In this file:


·         Carbon tax 'unfair' hit on Welsh beef cattle

·         Lapsers: Social influencers to blame as 26% plan to reduce red meat consumption

·         STAFFORD: How do cattle really impact the environment?



Carbon tax 'unfair' hit on Welsh beef cattle


By Debbie James, Western Telegraph (UK)

13th October 2020


Plans to impose a £100 carbon tax on prime beef cattle finished later than 27 months old could result in the phasing out of important traditional breeds that play an important role in managing Wales’ hills and uplands.


The industry body, the National Beef Association (NBA), is suggesting that a levy would deter producers from retaining older, slower-growing and less efficient cattle, cutting the sector’s carbon footprint and streamlining production.


It wants a change in rules that define animals as prime cattle between 12 and 30 months.


 But the proposal could impact Welsh beef producers disproportionately and, instead of achieving the desired outcome of protecting the environment, it could be harmful.


In Wales, many beef systems use regenerative farming practices and are less intensive.


Farmers’ Union of Wales (FUW) president Glyn Roberts, who runs a beef and sheep farm with his daughter Beca in Ysbyty Ifan, north Wales, says the union has received many calls from angry members since the NBA launched its proposals.


“Many highlighted the particular impact the proposal would have for traditional breeds and certain farming systems which are of particular importance to the environment,’’ he says.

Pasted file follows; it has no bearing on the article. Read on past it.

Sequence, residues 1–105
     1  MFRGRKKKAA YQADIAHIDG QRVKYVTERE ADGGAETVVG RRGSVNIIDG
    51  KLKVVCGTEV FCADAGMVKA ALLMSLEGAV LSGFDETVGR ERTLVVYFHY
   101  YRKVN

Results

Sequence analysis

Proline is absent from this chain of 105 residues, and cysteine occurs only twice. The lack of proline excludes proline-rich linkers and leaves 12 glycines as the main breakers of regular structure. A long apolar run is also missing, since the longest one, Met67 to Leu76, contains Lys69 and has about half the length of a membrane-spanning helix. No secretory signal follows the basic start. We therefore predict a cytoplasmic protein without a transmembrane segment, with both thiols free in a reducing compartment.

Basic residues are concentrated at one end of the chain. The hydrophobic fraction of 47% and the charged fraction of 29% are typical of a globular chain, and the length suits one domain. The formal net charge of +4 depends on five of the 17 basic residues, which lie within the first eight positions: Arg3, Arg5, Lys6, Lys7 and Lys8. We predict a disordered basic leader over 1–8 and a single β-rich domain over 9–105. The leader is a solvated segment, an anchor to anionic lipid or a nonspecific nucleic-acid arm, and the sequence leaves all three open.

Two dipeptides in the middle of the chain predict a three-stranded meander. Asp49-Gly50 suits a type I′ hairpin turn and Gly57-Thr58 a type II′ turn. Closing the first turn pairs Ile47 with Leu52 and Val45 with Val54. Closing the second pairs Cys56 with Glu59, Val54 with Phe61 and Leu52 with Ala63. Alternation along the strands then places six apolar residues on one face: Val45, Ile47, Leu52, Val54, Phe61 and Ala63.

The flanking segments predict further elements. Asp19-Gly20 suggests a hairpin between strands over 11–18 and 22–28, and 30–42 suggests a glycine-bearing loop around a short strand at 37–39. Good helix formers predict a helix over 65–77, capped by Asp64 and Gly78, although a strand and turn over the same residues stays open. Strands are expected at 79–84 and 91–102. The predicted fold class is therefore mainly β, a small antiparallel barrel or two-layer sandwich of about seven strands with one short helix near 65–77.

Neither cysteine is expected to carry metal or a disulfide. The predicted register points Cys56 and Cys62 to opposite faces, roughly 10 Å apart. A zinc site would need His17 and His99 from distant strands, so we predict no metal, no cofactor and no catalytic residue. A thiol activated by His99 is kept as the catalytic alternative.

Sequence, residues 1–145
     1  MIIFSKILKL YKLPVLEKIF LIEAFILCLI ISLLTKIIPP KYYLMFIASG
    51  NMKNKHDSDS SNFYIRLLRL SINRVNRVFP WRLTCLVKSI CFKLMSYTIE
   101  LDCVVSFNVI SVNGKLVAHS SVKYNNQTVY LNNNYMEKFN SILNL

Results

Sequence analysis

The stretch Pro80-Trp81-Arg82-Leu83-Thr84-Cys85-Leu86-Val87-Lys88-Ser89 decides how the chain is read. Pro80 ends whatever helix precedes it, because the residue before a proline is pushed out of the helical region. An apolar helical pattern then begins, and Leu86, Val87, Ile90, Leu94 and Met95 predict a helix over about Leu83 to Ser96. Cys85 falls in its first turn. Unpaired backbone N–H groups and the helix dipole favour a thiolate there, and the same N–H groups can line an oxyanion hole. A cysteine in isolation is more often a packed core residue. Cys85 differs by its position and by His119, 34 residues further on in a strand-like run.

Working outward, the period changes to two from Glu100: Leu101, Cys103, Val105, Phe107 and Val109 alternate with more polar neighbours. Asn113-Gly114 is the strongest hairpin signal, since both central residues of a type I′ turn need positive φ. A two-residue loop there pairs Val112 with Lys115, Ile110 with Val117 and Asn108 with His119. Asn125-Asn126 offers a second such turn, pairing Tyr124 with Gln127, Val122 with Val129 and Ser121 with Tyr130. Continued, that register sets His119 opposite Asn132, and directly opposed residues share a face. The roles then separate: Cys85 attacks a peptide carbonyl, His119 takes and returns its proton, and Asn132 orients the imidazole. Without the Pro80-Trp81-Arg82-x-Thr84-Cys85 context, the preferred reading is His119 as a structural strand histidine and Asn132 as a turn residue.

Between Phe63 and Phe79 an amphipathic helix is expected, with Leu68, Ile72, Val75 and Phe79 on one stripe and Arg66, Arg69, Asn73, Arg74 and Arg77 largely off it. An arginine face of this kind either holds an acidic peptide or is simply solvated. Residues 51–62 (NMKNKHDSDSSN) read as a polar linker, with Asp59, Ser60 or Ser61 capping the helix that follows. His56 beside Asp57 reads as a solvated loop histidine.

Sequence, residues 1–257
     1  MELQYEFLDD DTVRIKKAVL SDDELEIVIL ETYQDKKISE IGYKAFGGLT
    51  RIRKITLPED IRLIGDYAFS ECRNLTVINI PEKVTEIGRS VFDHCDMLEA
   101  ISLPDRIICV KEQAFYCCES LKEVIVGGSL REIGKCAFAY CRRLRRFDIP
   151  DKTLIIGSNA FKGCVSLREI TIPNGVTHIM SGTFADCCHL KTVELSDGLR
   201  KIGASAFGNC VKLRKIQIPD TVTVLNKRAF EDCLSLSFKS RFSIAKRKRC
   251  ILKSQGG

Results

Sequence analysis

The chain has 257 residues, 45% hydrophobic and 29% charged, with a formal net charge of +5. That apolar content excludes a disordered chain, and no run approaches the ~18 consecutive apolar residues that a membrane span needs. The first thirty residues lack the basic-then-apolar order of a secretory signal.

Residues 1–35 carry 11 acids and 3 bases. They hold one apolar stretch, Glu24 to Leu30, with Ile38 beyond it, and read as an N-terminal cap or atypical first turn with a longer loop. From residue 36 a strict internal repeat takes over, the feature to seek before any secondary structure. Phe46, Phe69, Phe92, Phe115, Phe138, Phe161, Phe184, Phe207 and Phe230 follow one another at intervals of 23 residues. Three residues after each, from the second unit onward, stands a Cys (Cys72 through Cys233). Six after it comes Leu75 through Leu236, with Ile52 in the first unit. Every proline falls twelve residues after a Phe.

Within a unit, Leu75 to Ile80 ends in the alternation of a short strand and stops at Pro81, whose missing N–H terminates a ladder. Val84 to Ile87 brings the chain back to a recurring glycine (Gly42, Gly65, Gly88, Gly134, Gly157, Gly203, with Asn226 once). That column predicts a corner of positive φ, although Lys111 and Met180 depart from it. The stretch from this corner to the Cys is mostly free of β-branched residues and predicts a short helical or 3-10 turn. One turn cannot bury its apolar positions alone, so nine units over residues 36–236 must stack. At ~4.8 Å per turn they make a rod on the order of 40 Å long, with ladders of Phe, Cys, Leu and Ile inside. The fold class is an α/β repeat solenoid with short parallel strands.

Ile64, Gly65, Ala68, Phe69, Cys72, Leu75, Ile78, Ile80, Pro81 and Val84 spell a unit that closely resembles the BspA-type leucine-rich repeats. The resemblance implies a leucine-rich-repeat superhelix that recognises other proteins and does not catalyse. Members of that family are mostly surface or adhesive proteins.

He suggests the proposal is a blunt instrument for solving a problem that is not “black and white’’.


“While the carbon benefits of finishing animals more quickly are well known for certain farming systems, for other more traditional systems where animals are finished over a longer period such a black and white proposal did not make sense from an environmental perspective, including in relation to carbon,’’ says Mr Roberts.


The concerns will be raised at a joint meeting of the FUW’s livestock, wool and marts and hill farming and marginal land committees later this month.


Around 10.6 per cent of the 1.5 million prime beef cattle slaughtered each year in the UK are aged between 28 and 30 months.


Some farmers support the NBA plan...





Lapsers: Social influencers to blame as 26% plan to reduce red meat consumption


Rachel Martin, AgriLand (UK)

Oct 14, 2020


More than one in four Northern Ireland adults say they plan to eat less red meat because of social media influencers and negative media reports.


Then Livestock and Meat Commission (LMC) led consumer research found that whilst 90% of adults surveyed in Northern Ireland still eat red meat, 26% planned to eat less in the future.


36% of those surveyed said they already try to limit their red meat intake each week.


In response, working with James Devine, 2017 National Chef of the Year winner, scientists and nutritionists, the LMC has launched its new eight-week campaign ‘The Truth About Beef’ to dispel common myths about red meat.